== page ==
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James Stewart Martin (August 19, 1826 - November 20, 1907) was a U.S. Representative from Illinois.

Biography[edit | edit source]

Martin was born in Estillville (now Gate City), Scott County, Virginia, the son of John S. Martin and Melinda Morison. ( History of Illinois Republicanism:embracing a history of the Republican..by Green Raum) His father's second wife was Nancy Brownlow, making him a step- nephew of radical Tennessee governor William "Parson" Brownlow.[1] He attended the common schools and Emory and Henry College in Emory, Virginia. He moved to Salem, Illinois, in 1846. He served during the Mexican War in Company C, First Regiment of Illinois Volunteers. He studied law. He was admitted to the bar in 1861 and commenced practice in Salem, Illinois. He served as clerk of the Marion County Court. During the Civil War served in the Union Army. Commissioned colonel of the One Hundred and Eleventh Regiment, Illinois Volunteer Infantry, September 18, 1862. Brevetted brigadier general of Volunteers February 26, 1865. Honorably mustered out June 7, 1865. He served as judge of Marion County Court. He was appointed by President Grant as United States pension agent on April 13, 1869.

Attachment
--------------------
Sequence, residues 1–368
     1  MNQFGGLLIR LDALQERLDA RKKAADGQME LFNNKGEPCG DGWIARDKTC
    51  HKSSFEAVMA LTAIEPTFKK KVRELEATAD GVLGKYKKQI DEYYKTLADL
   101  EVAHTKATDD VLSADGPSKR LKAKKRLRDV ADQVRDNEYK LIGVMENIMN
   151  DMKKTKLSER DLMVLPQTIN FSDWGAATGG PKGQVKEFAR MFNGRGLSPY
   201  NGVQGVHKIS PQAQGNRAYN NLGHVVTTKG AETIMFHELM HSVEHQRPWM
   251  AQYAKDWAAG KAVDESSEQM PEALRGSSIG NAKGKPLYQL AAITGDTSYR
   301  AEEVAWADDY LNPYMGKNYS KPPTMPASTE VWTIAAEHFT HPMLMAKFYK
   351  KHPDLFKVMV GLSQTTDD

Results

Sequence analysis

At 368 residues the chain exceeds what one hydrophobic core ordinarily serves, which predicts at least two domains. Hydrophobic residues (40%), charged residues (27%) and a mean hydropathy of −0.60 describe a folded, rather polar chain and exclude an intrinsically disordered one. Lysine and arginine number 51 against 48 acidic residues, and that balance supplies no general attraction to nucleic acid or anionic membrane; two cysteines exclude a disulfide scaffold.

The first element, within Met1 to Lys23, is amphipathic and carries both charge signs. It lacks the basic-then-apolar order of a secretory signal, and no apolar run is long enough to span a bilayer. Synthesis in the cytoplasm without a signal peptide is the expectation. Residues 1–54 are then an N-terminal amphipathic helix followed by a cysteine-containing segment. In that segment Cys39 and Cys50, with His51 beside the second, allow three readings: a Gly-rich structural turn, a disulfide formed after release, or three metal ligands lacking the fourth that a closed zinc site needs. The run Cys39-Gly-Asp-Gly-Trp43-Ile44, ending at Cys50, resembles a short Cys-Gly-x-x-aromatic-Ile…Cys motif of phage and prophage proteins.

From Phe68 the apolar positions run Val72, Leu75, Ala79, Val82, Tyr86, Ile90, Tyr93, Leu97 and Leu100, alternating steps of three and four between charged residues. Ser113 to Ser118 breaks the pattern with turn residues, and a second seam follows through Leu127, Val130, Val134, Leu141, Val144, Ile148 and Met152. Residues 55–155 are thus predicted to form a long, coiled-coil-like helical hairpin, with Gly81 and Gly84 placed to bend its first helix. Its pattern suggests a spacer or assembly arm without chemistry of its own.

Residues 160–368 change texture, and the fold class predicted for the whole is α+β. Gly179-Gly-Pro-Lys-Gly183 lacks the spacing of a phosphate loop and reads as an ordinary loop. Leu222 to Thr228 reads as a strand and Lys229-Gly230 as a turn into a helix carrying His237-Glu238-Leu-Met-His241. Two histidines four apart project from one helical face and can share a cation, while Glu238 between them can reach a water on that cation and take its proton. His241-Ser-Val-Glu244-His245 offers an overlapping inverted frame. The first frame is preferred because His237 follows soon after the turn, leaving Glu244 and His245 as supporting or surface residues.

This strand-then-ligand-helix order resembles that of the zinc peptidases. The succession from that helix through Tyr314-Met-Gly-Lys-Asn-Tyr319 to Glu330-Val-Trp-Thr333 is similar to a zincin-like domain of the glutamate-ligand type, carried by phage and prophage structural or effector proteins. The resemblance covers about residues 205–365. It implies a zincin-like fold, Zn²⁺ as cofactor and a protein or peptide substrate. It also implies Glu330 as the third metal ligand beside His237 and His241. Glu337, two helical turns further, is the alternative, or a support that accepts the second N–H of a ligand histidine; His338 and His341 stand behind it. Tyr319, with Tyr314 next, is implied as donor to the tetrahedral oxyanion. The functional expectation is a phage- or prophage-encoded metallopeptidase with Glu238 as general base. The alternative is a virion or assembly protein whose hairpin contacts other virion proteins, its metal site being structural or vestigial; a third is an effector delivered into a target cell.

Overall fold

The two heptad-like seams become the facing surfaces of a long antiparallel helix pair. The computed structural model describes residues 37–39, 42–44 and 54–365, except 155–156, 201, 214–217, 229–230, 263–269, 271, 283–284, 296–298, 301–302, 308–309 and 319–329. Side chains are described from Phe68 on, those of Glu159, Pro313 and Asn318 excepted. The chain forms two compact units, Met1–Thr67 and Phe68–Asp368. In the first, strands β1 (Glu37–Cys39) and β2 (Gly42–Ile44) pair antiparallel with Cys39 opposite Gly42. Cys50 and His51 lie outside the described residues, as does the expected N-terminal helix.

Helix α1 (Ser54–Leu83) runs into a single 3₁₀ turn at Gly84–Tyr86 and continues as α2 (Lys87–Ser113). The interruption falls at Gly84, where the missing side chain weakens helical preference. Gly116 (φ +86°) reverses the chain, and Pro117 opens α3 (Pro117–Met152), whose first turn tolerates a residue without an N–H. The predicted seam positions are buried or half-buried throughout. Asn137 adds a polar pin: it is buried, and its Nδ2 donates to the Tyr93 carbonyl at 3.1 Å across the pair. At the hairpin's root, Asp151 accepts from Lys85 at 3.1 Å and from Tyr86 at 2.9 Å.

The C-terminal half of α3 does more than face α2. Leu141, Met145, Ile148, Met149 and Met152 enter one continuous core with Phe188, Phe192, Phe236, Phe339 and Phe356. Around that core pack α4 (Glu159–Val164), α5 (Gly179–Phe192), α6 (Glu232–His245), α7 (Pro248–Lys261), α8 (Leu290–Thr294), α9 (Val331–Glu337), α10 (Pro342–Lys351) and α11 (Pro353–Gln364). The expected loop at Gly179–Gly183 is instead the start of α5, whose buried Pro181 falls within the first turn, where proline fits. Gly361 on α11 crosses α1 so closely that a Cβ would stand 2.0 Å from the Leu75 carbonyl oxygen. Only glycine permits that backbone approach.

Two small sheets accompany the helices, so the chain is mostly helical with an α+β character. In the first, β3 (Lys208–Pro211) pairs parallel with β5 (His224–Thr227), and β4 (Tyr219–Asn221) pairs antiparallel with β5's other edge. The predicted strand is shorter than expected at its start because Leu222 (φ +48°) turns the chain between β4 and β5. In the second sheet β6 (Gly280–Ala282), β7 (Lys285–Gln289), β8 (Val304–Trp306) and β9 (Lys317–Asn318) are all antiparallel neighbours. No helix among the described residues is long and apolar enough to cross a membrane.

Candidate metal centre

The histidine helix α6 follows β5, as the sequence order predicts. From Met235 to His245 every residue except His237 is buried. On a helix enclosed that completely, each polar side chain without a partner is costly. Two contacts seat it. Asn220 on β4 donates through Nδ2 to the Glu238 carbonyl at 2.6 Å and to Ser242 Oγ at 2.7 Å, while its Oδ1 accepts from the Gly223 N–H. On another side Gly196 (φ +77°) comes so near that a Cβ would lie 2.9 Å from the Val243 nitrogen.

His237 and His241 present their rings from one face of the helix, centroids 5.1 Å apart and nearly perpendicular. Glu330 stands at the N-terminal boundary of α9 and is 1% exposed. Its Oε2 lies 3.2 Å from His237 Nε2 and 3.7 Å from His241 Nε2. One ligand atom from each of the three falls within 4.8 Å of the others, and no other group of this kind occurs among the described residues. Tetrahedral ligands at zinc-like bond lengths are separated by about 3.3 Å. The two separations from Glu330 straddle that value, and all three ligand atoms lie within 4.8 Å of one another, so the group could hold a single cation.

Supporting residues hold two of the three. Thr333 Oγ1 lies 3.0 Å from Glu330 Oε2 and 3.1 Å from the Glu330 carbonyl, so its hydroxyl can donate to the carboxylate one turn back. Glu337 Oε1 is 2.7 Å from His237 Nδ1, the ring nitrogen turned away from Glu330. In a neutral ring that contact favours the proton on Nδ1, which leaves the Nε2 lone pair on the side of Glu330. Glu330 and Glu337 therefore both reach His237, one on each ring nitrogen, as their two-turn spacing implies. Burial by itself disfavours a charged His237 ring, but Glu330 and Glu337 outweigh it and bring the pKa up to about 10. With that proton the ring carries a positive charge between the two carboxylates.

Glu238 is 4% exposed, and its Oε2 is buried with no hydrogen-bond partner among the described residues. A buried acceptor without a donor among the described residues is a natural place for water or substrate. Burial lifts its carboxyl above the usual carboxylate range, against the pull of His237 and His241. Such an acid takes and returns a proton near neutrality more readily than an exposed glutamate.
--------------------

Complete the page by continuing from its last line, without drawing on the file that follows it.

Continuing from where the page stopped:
Martin was elected as a Republican to the Forty-third Congress (March 4, 1873 – March 3, 1875), defeating Silas L. Bryan, the father of William Jennings Bryan by a vote of 12,266 to 12,016.. He was an unsuccessful candidate for re-election. He served as commissioner of the Southern Illinois Penitentiary at Menard in 1879. He died in Salem, Illinois, November 20, 1907. He was interred in East Lawn Cemetery.

References[edit | edit source]

  1. Zella Armstrong, Notable Southern Families, Volume 1, (Chattanooga, Tenn.: The Lookout Publishing Co., 1918), p. 44. OCLC 1079125. Retrieved: 29 October 2012.

 This article incorporates public domain material from the Biographical Directory of the United States Congress website http://bioguide.congress.gov.

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